Every now and then, they make me laugh. My favorite so far is a comment posted to the page where I give some background on myself, “About me.”
I’m pretty sure of my source, though she still surprises me.
But the “conclusion”?
Well…I try not to pretend it won’t ever come, but ultimately it remains one of those big mysteries.
In August 1991, the Headlands Center for the Arts1 gave me a room, a food stipend, and most importantly about a week and a half away from the constant demands of my office.
I arrived with the intention of mulling over questions of artists and economics that had been on my mind for several years. Many of my thoughts on the subject had been prompted by specific writers, and at the Headlands I took time to re-introduce myself to their work. I carried a pile of books with me and used a computer that was considered “portable” in its day. I lived and worked in one room of a big house full of other artists on their own journeys.
Every day I took at least one long walk, to Rodeo Lagoon and the ocean beach on the other side of the sand bar, or up and over the low windswept hills, past cliffs and coves, decommissioned officers’ quarters and sites of former military installations, to views of San Francisco across the bay. I especially loved the smell of the head-high wild fennel.
But except for the walks and time out to prepare my meals, I buried myself in the books, mostly resisting the temptation to join the other artists in community-oriented activities. Every day of reading and writing was precious.
The books I took with me examined economics from a range of perspectives. They included: Cities and the Wealth of Nations (1985) by Jane Jacobs, The Gift: Imagination and the Erotic Life of Property (1983) by Lewis Hyde; Redesigning the American Dream: The Future of Housing, Work, and Family Life (1984) by Dolores Hayden; If Women Counted: A New Feminist Economics (1988) by Marilyn Waring; an anthology edited by Paul Ekins, The Living Economy: A New Economics in the Making (1986); a short book, Behind the Veil of Economics: Essays in the Worldly Philosophy (1989) by Robert L. Heilbroner; and Economics in Perspective: A Critical History (1987) by John Kenneth Galbraith. Because I was intent on exploring ideas about artists and economics not just by writing but also by finding ways to take action in my own life, I also used a few experiences from my own life.
I recorded my engagement with these writers’ ideas in a paper, Artists and Economics: Notes from the Headlands, that contains short excerpts from their writing, paraphrases of their ideas, and some of my own thoughts, especially about artists and economics, that the writers provoked. The first book I considered was Cities and the Wealth of Nations by Jane Jacobs. That section is posted on this site as “Jane Jacobs – Economics and messy inefficiencies.”
The paper remained open-ended and, for 10 days’ work, it felt finished enough. At the end of my time there, I made a few copies and presented them to a small group of artists and others at a gathering organized by the Center.
All in all, it was a very satisfying time away.
1 Headlands Center for the Arts offers residencies and other programs to artists in all disciplines to support independent and collaborative work. The Center took over the property in the early 1980s and since then has rehabilitated its historic buildings through artists’ commissions. Much has happened since I was there.
About the photos. In 1991 I didn’t carry a camera in my pocket as I do now (that is, my phone), so I have no images of the Headlands that I took myself. I’m grateful to the website of the Headlands Center for the Arts for the photos here. Even though taken several decades later, they bring back the spirit of the place I experienced.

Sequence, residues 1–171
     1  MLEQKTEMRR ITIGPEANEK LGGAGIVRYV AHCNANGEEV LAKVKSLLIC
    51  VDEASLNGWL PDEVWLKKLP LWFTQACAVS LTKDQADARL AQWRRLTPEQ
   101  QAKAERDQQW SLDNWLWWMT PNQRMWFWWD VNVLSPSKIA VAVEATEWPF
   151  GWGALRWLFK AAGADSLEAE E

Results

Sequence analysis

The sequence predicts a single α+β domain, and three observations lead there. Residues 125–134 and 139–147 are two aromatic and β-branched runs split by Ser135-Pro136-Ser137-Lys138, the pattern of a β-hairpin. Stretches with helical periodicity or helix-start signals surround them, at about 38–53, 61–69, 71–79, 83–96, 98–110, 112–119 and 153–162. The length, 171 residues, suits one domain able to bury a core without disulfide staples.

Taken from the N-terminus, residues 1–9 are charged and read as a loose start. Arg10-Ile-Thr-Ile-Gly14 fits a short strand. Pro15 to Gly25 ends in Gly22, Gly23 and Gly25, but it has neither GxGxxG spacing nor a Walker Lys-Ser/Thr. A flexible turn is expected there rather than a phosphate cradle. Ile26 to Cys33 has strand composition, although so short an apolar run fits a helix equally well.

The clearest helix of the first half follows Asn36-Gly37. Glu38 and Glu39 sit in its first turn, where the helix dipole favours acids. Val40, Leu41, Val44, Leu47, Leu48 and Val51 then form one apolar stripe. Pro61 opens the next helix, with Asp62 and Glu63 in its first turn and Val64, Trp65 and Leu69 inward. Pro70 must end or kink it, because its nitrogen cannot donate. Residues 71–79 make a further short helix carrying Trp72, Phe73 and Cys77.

Sometimes a sentence or a phrase jumps out of context and stands on its own. As I read an opinion piece in the New York Times recently, a sentence did exactly that. In a very short time it has settled into my mind as a useful signpost, pointing me to possibilities beyond the current moment. “A forgotten story,” the author wrote, “teaches history’s most beautiful lesson:
The world we know is not our only option.
In the column, historian Jon Grinspan wrote of the days in the 1830s to 1900 when young people in the U.S. voted in droves, “speechified,” and rioted in wild elections. “Reading 16-year-olds’ diaries,” he said, “you can see the way they bundled political involvement with their latest romance, their search for work, and the acne on their foreheads. Public participation soothed private anxiety. Youth politics worked because it was so messy, blending ideology with identity, the fate of the country with ‘fun and frolic’.” The forgotten story is captured in the title of his book, The Virgin Voter: How Young Americans Made Democracy Social, Politics Personal, and Voting Popular in the Nineteenth Century. “One of our political system’s weakest links used to be the strongest. Young people did vote. They could do so again.”
“The world we know is not our only option.” In more ways than youthful voting alone, the future opens up if we are convinced as we face it that new options are possible and that we have a part in creating them.
Photo by Anton Trötscher, Houston, “Butterfly plant”
Jon Grinspan is a historian at the Smithsonian’s National Museum of American History. His column in New York Times, “Virgins, Booze, and Politics,” ran on April 10, 2016.
Last month, my granddaughter Livia and I visited the Suyama Space, an amazing, one-of-a-kind space for artist installations, located in the heart of an architecture firm in downtown Seattle. The installation in the space was “Seattle Floor,” by Viet Stratmann, currently living in Paris. What would you do if you walked in?
Or maybe . . .
Or . . .
Or maybe you’d inspire one of the architects to join you.
With many thanks to Viet Stratmann and the folks at Suyama Space!